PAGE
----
- SB 209, sponsored by Dallas Senator John Carona, would expand the law regulating video receiving equipment in cars to include new equipment, such as videocassette players and digital video disc players.
- SB 258, sponsored by West, would allow four-year colleges and universities to waive tuition and fees for the students they enroll that are concurrently in high school.
- SB 346, sponsored by College Station Senator Steve Ogden, would authorize a school district to provide an optional flexible school year program for students who wouls otherwise not be promoted to the next grade level. The bill would also allow a district to reduce the regular school year and teacher service days to create time for specialized programs for at-risk students.
- SB 360, Greenville Senator Bob Deuell's first bill, would include chambers of commerce in the definition of charitable organizations.
- SB 375, the first bill for freshman Senator Tommy Williams of The Woodlands, would allow the Ninth Court of Appeals to meet in the county seat of any county in the district as the court deems necessary.
- SB 439, by Houston Senator Jon Lindsay, would prohibit the use of devices designed to obscure license plates.
- SB 519, sponsored by Senator Robert Duncan of Lubbock , would change language in the Health and Safety Code to facilitate the sharing of health information among agencies.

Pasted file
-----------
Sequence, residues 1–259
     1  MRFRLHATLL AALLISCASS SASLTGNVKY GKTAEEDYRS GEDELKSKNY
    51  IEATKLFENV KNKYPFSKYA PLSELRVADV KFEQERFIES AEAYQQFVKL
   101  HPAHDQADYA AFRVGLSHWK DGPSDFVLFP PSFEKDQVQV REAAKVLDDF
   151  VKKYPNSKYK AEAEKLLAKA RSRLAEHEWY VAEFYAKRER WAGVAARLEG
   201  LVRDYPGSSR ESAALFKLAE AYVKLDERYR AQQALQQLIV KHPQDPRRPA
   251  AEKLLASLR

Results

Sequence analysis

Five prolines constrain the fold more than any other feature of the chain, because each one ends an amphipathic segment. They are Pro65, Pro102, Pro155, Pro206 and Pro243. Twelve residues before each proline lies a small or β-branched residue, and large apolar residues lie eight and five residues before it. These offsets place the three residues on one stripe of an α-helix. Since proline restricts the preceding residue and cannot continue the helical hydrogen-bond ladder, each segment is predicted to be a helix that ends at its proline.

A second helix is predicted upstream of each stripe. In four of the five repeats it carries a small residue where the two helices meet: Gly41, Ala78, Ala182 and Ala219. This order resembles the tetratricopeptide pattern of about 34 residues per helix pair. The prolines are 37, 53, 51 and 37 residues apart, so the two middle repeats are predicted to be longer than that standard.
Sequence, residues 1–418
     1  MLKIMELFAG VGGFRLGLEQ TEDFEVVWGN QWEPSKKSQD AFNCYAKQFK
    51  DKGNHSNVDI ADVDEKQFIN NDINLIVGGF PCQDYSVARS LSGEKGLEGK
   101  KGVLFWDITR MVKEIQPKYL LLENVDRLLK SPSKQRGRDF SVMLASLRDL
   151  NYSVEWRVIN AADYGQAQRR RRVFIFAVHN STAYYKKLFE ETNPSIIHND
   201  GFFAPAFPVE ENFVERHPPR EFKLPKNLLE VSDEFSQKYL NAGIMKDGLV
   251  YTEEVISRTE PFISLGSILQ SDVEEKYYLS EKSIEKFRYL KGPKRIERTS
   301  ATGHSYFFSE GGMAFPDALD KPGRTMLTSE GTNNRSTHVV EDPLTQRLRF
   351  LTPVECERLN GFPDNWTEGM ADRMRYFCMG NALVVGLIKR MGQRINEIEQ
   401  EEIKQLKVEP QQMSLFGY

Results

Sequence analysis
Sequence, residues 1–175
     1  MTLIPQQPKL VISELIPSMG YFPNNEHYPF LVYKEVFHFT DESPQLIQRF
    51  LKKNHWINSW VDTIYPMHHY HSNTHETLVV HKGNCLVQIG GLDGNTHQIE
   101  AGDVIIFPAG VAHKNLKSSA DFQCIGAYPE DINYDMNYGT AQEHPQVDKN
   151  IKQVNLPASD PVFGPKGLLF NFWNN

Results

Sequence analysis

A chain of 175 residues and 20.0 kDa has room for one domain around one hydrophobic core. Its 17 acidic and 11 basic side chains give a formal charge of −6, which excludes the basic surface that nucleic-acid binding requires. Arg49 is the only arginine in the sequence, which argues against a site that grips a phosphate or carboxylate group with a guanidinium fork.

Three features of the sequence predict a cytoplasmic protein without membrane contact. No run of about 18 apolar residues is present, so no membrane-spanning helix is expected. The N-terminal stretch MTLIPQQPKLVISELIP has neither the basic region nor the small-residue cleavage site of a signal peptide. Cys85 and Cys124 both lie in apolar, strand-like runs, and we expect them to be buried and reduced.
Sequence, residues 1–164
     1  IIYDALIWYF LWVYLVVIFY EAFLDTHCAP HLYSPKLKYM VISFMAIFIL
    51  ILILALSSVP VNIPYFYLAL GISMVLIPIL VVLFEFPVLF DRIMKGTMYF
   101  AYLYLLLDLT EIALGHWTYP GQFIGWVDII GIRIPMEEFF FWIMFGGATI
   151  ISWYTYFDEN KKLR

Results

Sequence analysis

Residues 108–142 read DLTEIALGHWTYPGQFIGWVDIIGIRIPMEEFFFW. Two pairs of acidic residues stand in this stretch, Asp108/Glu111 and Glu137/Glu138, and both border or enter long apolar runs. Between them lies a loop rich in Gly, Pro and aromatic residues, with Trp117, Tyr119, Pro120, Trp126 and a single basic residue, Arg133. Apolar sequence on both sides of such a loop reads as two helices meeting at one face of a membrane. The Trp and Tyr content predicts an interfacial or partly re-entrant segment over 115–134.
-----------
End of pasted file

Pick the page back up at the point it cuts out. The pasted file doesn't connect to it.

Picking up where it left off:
- SB 520, also by Duncan, would remove Upton County from the 83rd Judicial District.
- SB 578, by Addison Senator Florence Shapiro, would require the principals of schools that participate in the Advanced Placement program to assemble a team of teachers to determine the use of funds awarded by the program.
Nominations Confirmed by the Senate on March 13, 2003
Jerry Kane, Nueces County
Larry Robert Leibrock, Travis County
Mourice Adam Mahmood, El Paso County
Cliff Mountain, Travis County
William L. Transier, Harris County
Catherine Bernell Estrada, Dallas County
Arthur E. Hernandez, Bexar County
Michael D. Nogueira, Gillespie County
Jess Ann Thomason, Midland County
Stephen Kurt Fryar, Brown County
Patsy Lou Reed Guest, Dallas County
Woodrow Michael Brimberry, Williamson County
Doyle High, Haskell County
Paul V. Loeffler, Brewster County
Maxie L. Patterson, Harris County
Jimmie Lee Mason, Lubbock County
Patricia L. Starck, Fort Bend County
David A. Valdez, Bexar County
Donald Matthew Lynch, Bell County
Bruce A. Scudday, El Paso County
Willie McGee, Hale County
Julia Ann Stokes, Tarrant County
Gilberto Aguirre, Bexar County
Richard Robert Gibbs, Dallas County
Thomas Franklin Kennedy, Nolan County
Malinda Miller, Tarrant County
Frank D. Sandoval, Bexar County
Susan K. Tripplehorn, Gray County
Roger J. Benavides, Bexar County
Frank G. Elder, Bexar County
Ross Fischer, Kendall County
Victor M. Gonzalez, Travis County
Alex John Gonzalez, Pecos County
Charles J. Henry, Harris County
Aurora F. LeBrun, Hays County
John Ryan Miri, Travis County
Pamela K. Quinn, Dallas County
Thomas J. Ruiz, El Paso County
Gary Lee Thompson, Travis County
Lee H. Zieben, Harris County
Burnis Brazil, Fort Bend County
William B. Brod, Hood County
Kathy C. Flanagan, Harris County
Jeffrey R. LaBroski, Fort Bend County